Technology has changed the way we file taxes. With the click of a button or the touch of your finger on a screen, you can submit your tax returns—and taxpayers are more than willing to hit enter.
According to the most recent data provided by the Internal Revenue Service, nearly 94% of individual returns for the 2018 tax year were filed electronically. The IRS says e-filed returns are faster, easier, and more accurate than paper returns. But what happens when the rush to e-file ends in a mistake?
That’s precisely the question that the IRS tackled in a recent written determination (Release 201945027). Written determinations are taxpayer-specific rulings, published on the IRS website. According to Section 6110(k)(3), they aren’t intended to be used or cited as precedent, but that doesn’t mean that there aren’t some valuable lessons to be learned.
In Release 201945027, the taxpayer asked about e-filed returns—specifically, whether a partnership return signed by the CFO of a corporation that is the sole general partner of a partnership constituted a valid return.
In this case, the CFO signed Form 8879-PE, e-file Signature Authorization for Form 1065 using a different title than his capacity as the CFO of the partner corporation. The taxpayer wondered whether that mistake would invalidate the return. The IRS replied that “All else being proper, the return is valid.”
According to the IRS, for a return to be valid, the taxpayer must sign it under penalties of perjury Beard v. Commissioner, 82 T.C. 766,777 (1984). That’s tax prep 101—and something that a good tax professional always makes known.
It’s also true that by statute, a partnership return must be signed by one of the partners (Section 6063). Similarly, a corporation’s return must typically be executed by a corporate officer (Section 6062). That may include a “president, vice-president, treasurer, assistant treasurer, chief accounting officer or any other officer” or a fiduciary. Further, an individual signature on the return serves as prima facie evidence that the individual is authorized to sign the return on behalf of the corporation.
The IRS confirmed that “authority to sign a tax document on behalf of an entity follows authority to sign a return for that entity.”
With that, the IRS didn’t find it necessary to confirm whether the CFO was authorized to sign the partnership return on the corporation’s behalf. In the absence of evidence that he lacked authority, merely signing the return was enough. And since the corporation was a partner of the partnership, the corporation officer’s signature on a partnership return would be considered valid.
E-filing adds a slight twist. With a professionally prepared e-filed return, the IRS requires that the tax preparers retain a signed Form 8879 (or a form in the 8879 series) for each return. The form contains a declaration that the taxpayer has reviewed the tax return and that the information on the Form 8879 matches the information on the tax return. The form also serves as evidence that the tax preparer was authorized to file the return.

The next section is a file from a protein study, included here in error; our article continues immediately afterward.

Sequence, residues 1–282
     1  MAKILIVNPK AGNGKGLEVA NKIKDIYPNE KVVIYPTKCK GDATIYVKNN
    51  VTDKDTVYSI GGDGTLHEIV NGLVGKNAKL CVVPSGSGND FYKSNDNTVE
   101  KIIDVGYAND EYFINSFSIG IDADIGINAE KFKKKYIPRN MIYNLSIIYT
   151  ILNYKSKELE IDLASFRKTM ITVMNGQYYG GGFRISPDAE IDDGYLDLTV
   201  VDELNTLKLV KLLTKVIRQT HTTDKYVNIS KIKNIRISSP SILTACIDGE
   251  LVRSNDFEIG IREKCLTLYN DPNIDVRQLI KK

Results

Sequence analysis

But what if the person responsible for signing the return makes a mistake on Form 8879? Would that change whether the tax return was correctly e-filed? In other words, does an error in execution necessarily invalidate an otherwise properly filed return?
Courts have said no. If the person who signed was the proper person, the fact that a return wasn’t signed in the correct capacity doesn’t make the return invalid. Ironically, the IRS cited a decades-old, pre-internet case, Consolidated Apparel Co. v. Commissioner, 17 TC 1570 (1952), to confirm their finding.
In Consolidated Apparel, an individual signed a corporate return as president of the corporation. The problem? The return, at that time, required two signatures. The person who signed the return was the president and treasurer, so the court found that the tax return was valid, writing, “Perhaps [Petitioner] should have signed twice, once as president and again as treasurer, but that, we think, is not a serious defect. In our opinion, the return as filed substantially complied with the requirements of the statute as to verification.”
That’s true concerning the underlying return, but “all the more so not fatal to the Form 8879-PE.” In other words, using an incorrect title on the Form 8879-PE doesn’t change the answer.
Neither does the missing date next to the CFO’s signature (apparently, there were a few errors on the form). The IRS claims that since forms in the 8879 series aren’t attached to a return or otherwise filed with anyone other than the preparer, they don’t play a part in the validity of the return (barring evidence of forgery or unauthorized filing).
The easiest way to avoid these kinds of questions is to double-check your tax return before submitting it. That means that you should scan the entire tax return—along with forms and schedules—and not just the numbers. The IRS cites unsigned tax returns (including e-filed tax returns) and electronic filing PIN mistakes in their common filing errors to avoid.
And tax professionals aren’t exempt from the need to conduct last-minute reviews. In addition to reviewing the return, taking a second look at the associated forms, like Form 8879, is always a good idea.
This is a weekly column from Kelly Phillips Erb, the TaxGirl. Erb offers commentary on the latest in tax news, tax law, and tax policy. Look for Erb’s column every week from Bloomberg Tax and follow her on Twitter at @taxgirl.